The Pax Tephni was not, to you, merely the beginning of true history, culture, technology, civilization, and justice.  It was the beginning of humanity.  All the warring peoples of Pala still trace their origins, if not to Tephnian blood, than to the Tephnian peace and nurture that allowed for technology not only to grow again, in fits and starts, unhumbly, unpredictably, but to eventually, it is said, surpass that of the prehistoric Ancients altogether.  Again, we cannot judge such mythic claims, only note their ubiquity, their weight in Palan discourse:  Were the Tephnians, in their mirror-black city on the westernmost island in the great eastern Imperial Sea, truly demigods?  Their millennia-lived Technarchs truly gods?  It is not for us to speculate, but for the ecclesiarchs, who keep the portions of the Code still extant, left unburied by the Fall…

For of course, of course… man being man…  In time, the light of the Pax dimmed, and the Tephnian elite grew ravenous for more than even their godlike command of sea, sand, body, blood, and mind could offer.  It is said they engaged in forbidden experiments, and they hastened the still-changing seas to die in places and could not reverse their errors, and granted life and sentience as they willed, and could not keep from granting even greater deaths…

And the infighting among the supposedly transcendent, the should-have-been-invincible!  …  After many thousands of years, the Tephnian Wars of Succession led to the massive generation of a race of servant–warrior–bodyguards—four-armed, four-eyed, seven feet tall to the man, tireless, and hideous:  The unhumans.  Homo sapiens secundus.  (Or, in the Sasparadan Empire, Homo unsapiens monstra.)

It is not fair to accuse the unhumans of wanting liberty.  Liberty was the very motto of the Empire.  (VBI LIBERTAS • IBI PATRIA:  “Wherever there is Liberty—there is my country.”)  But the unhumans were without their own culture, had no source of nurture, saw no hope in liberty by any means but the enslavement of those who would oppress.  And so the greatest war, greater even than the War with no other name, began in the south of the Empire, it is said below the streets of the very metropolis still called Saspara today.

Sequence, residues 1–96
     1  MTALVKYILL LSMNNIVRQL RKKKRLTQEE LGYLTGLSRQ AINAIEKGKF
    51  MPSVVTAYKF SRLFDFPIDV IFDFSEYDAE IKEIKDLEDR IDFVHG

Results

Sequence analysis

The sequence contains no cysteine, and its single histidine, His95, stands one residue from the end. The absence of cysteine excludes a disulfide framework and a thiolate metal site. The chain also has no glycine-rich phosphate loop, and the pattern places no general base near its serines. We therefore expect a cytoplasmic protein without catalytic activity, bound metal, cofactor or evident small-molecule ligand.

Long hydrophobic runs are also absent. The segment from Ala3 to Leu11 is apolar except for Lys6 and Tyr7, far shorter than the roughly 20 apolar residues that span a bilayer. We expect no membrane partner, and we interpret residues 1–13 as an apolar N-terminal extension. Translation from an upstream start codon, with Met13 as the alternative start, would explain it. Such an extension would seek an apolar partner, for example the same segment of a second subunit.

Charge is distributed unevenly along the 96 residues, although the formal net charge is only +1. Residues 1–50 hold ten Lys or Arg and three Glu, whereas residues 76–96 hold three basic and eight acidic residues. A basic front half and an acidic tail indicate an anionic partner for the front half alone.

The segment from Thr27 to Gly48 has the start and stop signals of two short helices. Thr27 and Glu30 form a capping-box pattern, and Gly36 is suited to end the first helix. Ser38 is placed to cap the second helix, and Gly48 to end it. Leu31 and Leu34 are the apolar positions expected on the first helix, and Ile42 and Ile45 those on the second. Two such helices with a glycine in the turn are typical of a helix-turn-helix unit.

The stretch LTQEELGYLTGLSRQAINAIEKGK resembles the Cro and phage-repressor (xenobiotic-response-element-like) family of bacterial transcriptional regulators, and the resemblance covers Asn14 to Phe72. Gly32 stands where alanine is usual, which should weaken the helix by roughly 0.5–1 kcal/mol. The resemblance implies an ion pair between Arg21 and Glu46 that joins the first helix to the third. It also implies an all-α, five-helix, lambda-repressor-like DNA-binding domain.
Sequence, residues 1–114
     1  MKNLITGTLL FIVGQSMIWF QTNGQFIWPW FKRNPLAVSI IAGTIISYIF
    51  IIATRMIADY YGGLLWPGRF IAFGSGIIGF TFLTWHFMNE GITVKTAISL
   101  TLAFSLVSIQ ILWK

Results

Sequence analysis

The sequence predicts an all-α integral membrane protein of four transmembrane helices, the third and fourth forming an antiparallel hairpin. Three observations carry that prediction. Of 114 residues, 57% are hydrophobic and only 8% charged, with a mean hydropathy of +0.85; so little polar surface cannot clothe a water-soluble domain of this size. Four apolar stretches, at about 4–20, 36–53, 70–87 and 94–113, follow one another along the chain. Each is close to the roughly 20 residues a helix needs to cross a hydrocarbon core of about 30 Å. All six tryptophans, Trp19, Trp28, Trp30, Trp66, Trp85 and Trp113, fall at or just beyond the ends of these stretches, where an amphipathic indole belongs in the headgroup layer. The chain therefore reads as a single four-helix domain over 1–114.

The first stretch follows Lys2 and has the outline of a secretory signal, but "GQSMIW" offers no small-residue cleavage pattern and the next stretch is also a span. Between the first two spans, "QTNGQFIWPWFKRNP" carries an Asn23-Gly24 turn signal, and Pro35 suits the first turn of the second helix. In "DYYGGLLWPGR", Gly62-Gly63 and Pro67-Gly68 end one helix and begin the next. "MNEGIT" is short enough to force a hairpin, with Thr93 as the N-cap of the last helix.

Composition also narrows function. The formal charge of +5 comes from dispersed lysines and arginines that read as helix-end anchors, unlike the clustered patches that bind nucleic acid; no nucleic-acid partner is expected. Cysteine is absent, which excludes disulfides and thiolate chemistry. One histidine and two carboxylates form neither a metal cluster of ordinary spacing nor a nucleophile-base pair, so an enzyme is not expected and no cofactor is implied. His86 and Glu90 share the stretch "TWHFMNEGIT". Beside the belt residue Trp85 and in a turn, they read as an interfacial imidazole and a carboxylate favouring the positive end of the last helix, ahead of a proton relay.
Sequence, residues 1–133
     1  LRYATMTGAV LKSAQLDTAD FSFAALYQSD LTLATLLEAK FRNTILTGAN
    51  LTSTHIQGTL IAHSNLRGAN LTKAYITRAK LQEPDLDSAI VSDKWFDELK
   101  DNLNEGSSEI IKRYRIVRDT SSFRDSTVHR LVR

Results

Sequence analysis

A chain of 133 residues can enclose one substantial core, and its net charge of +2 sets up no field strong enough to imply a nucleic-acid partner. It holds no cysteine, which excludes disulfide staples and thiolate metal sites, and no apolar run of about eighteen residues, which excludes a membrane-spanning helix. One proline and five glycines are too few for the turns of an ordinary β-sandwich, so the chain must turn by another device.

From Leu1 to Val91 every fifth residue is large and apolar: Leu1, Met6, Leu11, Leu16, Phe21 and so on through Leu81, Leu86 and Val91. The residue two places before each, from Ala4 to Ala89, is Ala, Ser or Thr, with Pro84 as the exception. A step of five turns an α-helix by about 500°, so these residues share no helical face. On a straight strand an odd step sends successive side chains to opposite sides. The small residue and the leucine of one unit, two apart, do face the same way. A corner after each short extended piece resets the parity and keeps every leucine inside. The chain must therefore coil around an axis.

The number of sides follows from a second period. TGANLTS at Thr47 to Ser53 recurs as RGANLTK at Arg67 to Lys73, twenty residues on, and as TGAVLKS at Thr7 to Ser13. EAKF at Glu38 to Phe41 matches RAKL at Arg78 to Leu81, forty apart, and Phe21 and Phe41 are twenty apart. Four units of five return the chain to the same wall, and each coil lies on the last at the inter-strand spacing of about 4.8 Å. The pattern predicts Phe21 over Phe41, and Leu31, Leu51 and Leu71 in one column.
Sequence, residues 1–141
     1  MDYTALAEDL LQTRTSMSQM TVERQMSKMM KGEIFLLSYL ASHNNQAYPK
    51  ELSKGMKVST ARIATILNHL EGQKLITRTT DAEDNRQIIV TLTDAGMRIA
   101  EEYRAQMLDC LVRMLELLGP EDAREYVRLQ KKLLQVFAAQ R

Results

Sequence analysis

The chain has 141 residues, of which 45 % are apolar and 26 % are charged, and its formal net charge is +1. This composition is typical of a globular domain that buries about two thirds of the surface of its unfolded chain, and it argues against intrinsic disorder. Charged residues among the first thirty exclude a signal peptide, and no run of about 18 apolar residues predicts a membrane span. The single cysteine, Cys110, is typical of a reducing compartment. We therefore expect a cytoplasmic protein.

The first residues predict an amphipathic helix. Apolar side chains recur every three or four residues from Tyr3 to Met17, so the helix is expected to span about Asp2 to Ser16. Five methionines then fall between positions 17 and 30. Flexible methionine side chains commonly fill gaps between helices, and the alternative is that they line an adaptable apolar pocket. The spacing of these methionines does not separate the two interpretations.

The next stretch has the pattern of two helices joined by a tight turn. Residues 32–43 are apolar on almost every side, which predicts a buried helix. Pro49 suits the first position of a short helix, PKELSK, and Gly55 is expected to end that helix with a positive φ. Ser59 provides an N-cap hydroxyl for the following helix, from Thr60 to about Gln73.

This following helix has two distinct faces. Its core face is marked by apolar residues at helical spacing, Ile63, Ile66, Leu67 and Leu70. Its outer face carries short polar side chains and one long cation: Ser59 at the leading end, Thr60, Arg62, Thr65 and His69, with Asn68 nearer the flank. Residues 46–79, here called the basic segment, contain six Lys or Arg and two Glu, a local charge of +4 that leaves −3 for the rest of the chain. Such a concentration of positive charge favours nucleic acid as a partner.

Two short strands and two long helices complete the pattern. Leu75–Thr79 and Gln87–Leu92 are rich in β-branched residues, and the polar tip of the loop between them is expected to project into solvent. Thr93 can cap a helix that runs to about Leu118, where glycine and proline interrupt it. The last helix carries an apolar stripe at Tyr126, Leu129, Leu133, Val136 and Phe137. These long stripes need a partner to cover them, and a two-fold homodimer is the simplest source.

The unhumans waged their Rebellion against their masters with their masters’ finest arms, and the masters invented new arms.  The by-this-time brutal aspect of the Technarch became still more brutal, and into His blood was borne all civilization, all knowledge, so that to him the ecclesiarchs went to slake their thirst for a Meaning behind it all (the war, the bombings, the shortages); to him the people looked for the Audax (unfear, the new, single-word credo of the Empire) to continue (to fight); to him even the lesser technarchons retired, drawing open his veins in supplication and asking of him why…

Finally, the Fall.  Tephni, dream-city of man.  Of flying carriages and tastes and colors untasted and unseen by we who live today—undreamed by us.  Tephni, externalization of man’s puissance and hubris, his fancy and his evil…  What is there to say?  Finally…  The unhumans overcame the humans (or post-humans) who had been their creators, and Tephni the invincible fell.  Somehow.  The city’s final wrack, its ultimate passion before it became a prison for an hundred million ghosts, remains obscure.

And still the war between the humans and unhumans smoldered on.

Still the raids, the shortages, the factory-fires, the loss of capabilities, the darkening of grids, the depopulating, the cannibalism…

The end came swiftly, both times.  It was the unhumans’ final gambit to achieve a total victory that led to much of southern Tephnia lifting into the sky in a reverse magmal hail to form a second moon…  Or it was a human gambit…  We don’t know.  You wouldn’t want to say.  It would be too easy to blame them.  And of course by that time, the chaos was like a disease, like a drug.  It might have been another group entirely—a human–unhuman perpendicular anarchistry, bent on an end to everything…